Actuarial Outpost
 
Go Back   Actuarial Outpost > Exams - Please Limit Discussion to Exam-Related Topics > SoA/CAS Preliminary Exams > Long-Term Actuarial Math
FlashChat Actuarial Discussion Preliminary Exams CAS/SOA Exams Cyberchat Around the World Suggestions



Long-Term Actuarial Math Old Exam MLC Forum

Reply
 
Thread Tools Search this Thread Display Modes
  #1  
Old 08-18-2018, 05:52 PM
home_alone home_alone is offline
Member
 
Join Date: Nov 2008
Posts: 428
Default From 2018 LTAM Supplementary Note, Example 5.1

For the endowment benefit why you cannot use the formula: A_bar45:10 = 1-d*a_bar45:10 with the adjusted delta here. The explanation the author provided is even more confusing. Does anyone knows.

Thanks
Reply With Quote
  #2  
Old 08-18-2018, 08:36 PM
Liar Liar is offline
Member
SOA
 
Join Date: Jul 2018
Studying for LTAM
Posts: 311
Default

That adjusted delta isn't the actual interest rate. It's the fake delta when you combine the .04 interest rate and the +.01 force of mortality. They do this to express the probability portions of the annuity using the unadjusted probabilities.


As for the official explanation, it's just a side commentary about how the adjusted force of delta alone can't be used to get the value of insurances. That A* you see on the left-hand side contains both the adjusted interest rate as well as the adjusted probabilities of death from the +.01 force of mortality. This is in contrast to the annuity side, which can exist using the adjusted interest rate and the unadjusted probabilities.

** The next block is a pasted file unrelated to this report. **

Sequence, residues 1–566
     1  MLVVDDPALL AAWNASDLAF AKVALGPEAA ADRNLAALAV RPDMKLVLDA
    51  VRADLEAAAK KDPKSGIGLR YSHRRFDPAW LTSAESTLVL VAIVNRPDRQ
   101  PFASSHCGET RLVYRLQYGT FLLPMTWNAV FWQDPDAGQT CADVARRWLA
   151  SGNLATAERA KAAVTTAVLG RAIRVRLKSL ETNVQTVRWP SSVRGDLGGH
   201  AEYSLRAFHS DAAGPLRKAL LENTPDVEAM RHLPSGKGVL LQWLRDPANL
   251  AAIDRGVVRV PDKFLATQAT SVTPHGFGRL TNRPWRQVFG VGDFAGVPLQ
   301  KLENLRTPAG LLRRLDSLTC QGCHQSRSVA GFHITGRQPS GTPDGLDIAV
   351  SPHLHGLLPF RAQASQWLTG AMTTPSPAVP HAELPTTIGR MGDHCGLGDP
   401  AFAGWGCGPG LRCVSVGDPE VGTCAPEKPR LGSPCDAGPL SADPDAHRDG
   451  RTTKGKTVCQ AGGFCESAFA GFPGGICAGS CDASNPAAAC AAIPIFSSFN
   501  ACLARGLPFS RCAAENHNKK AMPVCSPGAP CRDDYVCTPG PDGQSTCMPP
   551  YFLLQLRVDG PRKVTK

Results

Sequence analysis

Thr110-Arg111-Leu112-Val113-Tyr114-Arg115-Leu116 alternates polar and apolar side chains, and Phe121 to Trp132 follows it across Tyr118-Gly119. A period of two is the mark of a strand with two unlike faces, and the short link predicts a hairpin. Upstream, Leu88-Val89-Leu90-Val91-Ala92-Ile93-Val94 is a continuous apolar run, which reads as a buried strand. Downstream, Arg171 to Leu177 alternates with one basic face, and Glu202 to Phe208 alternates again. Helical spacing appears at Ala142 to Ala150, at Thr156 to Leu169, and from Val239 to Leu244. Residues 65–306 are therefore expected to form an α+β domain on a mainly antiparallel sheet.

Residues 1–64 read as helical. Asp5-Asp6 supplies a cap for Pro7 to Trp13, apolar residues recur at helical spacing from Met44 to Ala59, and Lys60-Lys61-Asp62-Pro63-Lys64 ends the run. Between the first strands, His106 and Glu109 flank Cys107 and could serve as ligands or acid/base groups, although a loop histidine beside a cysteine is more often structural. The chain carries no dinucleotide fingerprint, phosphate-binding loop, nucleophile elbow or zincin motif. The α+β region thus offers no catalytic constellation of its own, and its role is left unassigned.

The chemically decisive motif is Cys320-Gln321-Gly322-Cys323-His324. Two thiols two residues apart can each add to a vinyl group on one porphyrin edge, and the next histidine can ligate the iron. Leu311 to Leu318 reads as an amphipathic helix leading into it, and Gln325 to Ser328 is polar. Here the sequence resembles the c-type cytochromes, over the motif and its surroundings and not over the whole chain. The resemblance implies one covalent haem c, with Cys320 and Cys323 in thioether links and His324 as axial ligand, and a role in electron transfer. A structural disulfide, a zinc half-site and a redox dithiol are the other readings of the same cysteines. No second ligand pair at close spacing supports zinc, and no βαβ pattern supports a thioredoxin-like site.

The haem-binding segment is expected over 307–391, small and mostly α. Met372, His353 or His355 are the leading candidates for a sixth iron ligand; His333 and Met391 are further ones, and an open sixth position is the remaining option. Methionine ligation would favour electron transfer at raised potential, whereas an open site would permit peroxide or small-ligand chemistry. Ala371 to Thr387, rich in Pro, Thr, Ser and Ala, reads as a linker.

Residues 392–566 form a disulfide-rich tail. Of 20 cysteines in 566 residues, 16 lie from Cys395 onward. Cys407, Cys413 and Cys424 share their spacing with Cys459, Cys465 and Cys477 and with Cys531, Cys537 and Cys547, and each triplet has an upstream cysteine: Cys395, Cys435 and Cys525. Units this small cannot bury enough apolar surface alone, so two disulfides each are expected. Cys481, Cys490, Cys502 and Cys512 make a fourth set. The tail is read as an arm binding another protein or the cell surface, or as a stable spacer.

Ex: (v*)(Px) = (v)(Px*). Notice how the probability components of the annuity don't change if you use the adjusted interest rate.
However, (v^[K + 2])(Px*)(q[x + 1]*) DOES NOT equal (v^[K + 2]*)(Px)(q[x + 1]), since the adjusted interest can only transform Px* to the unadjusted form.

The term insurance components in that insurance take the form of (v[k + 2]*)(Px)(q[x + 1]*), which is not the same as using only the adjusted interest rate, since the q term is also adjusted by the new force of mortality.

If you are still having issues comprehending, then I would recommend you just memorize. Memorization is how everyone passes.
Just ace the multiple choice and pull random shit out of your ass in the written answer section.

Last edited by Liar; 08-18-2018 at 10:11 PM..
Reply With Quote
  #3  
Old 08-19-2018, 01:53 AM
home_alone home_alone is offline
Member
 
Join Date: Nov 2008
Posts: 428
Default

Thank you "Liar" for your explanation. I followed your argument but I am not getting the same answer as the book. For a*45:20 I am getting 12.571 but the book apparently got 12.89554.
Here are some details:
a*45:20 = (Integral 0 to 20) of (v^t)(tp*45)dt with v^t=exp(-ln(1.04)*t) and
tp*45=exp(-At-B*c^45*(c^t-1)/ln(c)) with A=.00022+.01+ln(1.04), B=2.7*10^-6, c=1.124. Using Wolfram Alpha I evaluated the integral to be 12.571.
Do you see anything I am doing wrong here.
Reply With Quote
  #4  
Old 08-19-2018, 02:05 AM
Liar Liar is offline
Member
SOA
 
Join Date: Jul 2018
Studying for LTAM
Posts: 311
Default

=/

I'll check later when I have time. I honestly don't think calculating something like this will be on the exam. They'll probably just give you the annuity value using the adjusted interest rate.
Reply With Quote
Reply

Thread Tools Search this Thread
Search this Thread:

Advanced Search
Display Modes

Posting Rules
You may not post new threads
You may not post replies
You may not post attachments
You may not edit your posts

BB code is On
Smilies are On
[IMG] code is On
HTML code is Off


All times are GMT -4. The time now is 11:05 PM.


Powered by vBulletin®
Copyright ©2000 - 2019, Jelsoft Enterprises Ltd.
*PLEASE NOTE: Posts are not checked for accuracy, and do not
represent the views of the Actuarial Outpost or its sponsors.
Page generated in 0.25591 seconds with 11 queries